Inside Fallout: Factions – Designer Reveals the Secrets Behind the Tabletop Skirmish Game

11 June 2024
Watched the exciting series of Fallout on Amazon Prime, or played one of the many video games, and looking for the best way to bring it to tabletop? We sat down with James Hewitt, designer of the brand new Fallout: Factions to find out everything.

Interview by Charlie Pettit

Who is James Hewitt?

James M. Hewitt is one busy designer, with an enviable gaming CV. His work with Games Workshop included Necromunda, Adeptus Titanicus, Blood Bowl, and Warhammer Quest Silver Tower. With Mantic Games, it was Dreadball. His own company, Needy Cat Games, co-owned with Sophie Williams, offered board game consultancy, and also worked on Devil May Cry: The Board Game, and Hellboy: The Board Game. If you didn’t think him busy enough, we were delighted to find him over at Modiphius, working on Fallout: Factions.


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Where to begin with Fallout?

The alarms have rung, the sky is on fire, and you’ve had no choice but to descend into an underground bunker to survive the nuclear destruction that’s long been feared. What awaits you when you open the door to the outside world? Some things will never be the same, and that includes the wasteland and mutations outside. With a PIP boy to help you – a fancy watch – and your own desire to survive, each Fallout game centres on that curiosity of what’s outside, and the lawlessness that dwells.

Whilst the Fallout history is longer than the current popular iteration of games suggests, it’s also not entirely well known that it has significant foundations in TTRPGs, having once relied on GURPS (the Generic Universal Roleplaying System, created by Steve Jackson), before a dispute IGN reports around the level of violence in the game pivoted Fallout to use S.P.E.C.I.A.L. (Strength, Perception, Endurance, Charisma, Intelligence, Agility, and Luck), as it still uses to this day.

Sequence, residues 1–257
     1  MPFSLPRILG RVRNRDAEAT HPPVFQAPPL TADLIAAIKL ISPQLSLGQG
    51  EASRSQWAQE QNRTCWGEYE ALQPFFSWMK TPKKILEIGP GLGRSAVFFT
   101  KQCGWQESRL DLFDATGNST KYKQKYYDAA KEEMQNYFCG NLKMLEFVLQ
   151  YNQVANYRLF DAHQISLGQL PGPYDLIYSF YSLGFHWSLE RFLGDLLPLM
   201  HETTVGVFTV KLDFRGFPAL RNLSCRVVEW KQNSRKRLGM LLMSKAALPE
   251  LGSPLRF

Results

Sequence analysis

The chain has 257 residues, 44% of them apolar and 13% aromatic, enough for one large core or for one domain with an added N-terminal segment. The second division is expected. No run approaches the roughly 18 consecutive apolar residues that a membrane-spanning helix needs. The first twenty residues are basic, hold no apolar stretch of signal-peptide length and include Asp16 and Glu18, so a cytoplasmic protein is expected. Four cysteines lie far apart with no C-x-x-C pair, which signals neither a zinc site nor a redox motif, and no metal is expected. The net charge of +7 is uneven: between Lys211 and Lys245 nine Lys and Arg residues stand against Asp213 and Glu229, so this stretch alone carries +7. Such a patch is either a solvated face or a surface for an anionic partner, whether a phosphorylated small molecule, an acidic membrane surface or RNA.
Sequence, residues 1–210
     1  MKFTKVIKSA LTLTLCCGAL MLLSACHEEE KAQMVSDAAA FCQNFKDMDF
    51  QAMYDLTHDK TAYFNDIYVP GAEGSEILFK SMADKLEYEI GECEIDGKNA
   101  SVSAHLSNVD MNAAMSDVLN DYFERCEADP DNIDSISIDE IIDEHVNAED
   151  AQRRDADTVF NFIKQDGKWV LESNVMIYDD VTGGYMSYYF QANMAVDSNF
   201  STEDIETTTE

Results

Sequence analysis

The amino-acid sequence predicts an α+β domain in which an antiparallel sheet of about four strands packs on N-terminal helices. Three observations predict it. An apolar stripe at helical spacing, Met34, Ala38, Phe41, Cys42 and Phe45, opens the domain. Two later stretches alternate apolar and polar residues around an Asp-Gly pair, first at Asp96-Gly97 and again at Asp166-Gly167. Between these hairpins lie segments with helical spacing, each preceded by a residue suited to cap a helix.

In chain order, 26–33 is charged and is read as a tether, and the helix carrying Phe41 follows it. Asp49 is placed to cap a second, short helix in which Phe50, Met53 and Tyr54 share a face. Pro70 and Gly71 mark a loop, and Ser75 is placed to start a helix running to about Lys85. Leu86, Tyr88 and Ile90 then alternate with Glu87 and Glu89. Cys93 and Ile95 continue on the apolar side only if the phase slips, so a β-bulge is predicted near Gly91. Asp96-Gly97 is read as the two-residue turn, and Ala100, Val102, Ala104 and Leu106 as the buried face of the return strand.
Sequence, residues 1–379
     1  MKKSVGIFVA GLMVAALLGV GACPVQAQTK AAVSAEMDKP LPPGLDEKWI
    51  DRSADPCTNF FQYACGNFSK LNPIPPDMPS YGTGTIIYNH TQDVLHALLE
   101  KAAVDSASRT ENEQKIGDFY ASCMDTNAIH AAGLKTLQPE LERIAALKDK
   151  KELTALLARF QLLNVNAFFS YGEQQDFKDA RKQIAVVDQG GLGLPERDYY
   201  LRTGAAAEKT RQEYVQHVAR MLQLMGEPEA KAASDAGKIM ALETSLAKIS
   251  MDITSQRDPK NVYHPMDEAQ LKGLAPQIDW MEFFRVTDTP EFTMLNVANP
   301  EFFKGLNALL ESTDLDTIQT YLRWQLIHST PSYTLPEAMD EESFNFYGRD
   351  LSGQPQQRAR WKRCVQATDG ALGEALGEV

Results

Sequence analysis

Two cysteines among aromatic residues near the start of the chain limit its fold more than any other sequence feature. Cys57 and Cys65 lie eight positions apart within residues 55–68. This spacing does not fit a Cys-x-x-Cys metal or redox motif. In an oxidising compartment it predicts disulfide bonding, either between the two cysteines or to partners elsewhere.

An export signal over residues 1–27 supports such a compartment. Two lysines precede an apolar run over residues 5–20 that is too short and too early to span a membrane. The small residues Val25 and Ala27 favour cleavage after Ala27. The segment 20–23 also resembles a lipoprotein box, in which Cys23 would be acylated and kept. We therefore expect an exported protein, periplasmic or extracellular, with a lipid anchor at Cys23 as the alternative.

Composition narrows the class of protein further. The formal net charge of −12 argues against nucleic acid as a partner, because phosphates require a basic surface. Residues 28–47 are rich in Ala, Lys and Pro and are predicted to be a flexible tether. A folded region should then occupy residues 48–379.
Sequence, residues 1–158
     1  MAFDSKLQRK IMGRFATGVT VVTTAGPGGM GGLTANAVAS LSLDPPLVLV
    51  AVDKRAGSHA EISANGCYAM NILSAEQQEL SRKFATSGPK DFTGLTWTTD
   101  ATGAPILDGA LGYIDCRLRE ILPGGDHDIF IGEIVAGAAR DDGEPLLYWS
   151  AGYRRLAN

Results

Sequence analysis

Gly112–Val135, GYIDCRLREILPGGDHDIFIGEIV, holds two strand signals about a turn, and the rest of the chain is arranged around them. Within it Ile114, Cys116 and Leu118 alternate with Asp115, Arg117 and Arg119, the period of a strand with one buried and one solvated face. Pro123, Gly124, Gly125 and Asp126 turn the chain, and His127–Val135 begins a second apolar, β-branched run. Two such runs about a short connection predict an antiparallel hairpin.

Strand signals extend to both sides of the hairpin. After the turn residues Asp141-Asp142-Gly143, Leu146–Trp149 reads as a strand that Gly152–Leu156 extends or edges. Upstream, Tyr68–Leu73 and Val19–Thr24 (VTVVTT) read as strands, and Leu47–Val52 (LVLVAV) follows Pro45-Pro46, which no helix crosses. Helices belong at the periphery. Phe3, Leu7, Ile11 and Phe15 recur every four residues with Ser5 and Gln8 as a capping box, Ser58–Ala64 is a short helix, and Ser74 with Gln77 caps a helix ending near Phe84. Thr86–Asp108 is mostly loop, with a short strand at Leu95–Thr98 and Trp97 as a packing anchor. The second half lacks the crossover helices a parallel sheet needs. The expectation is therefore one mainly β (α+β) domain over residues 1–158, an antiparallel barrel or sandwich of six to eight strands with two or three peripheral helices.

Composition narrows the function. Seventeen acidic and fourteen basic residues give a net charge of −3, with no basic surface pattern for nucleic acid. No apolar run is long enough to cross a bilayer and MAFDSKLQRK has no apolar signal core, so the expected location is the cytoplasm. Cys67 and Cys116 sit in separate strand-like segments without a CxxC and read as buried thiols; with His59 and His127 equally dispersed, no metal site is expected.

With our own hobby acting as the foundation then, is it any surprise it’s been embraced back on tabletop?

“Modiphius have been making games based on the Fallout video games for a few years now.” Hewitt says of it. Indeed, not only have they created Fallout: The Roleplaying Game, bring post-atomic roleplaying back full circle, but also a popular wargame in Fallout: Wasteland Warfare. This is somewhat of a crunchy, gritty style wargame, enjoyed by those familiar to wargames looking for something to sink their teeth into, but perhaps not the most welcoming to those less comfortable.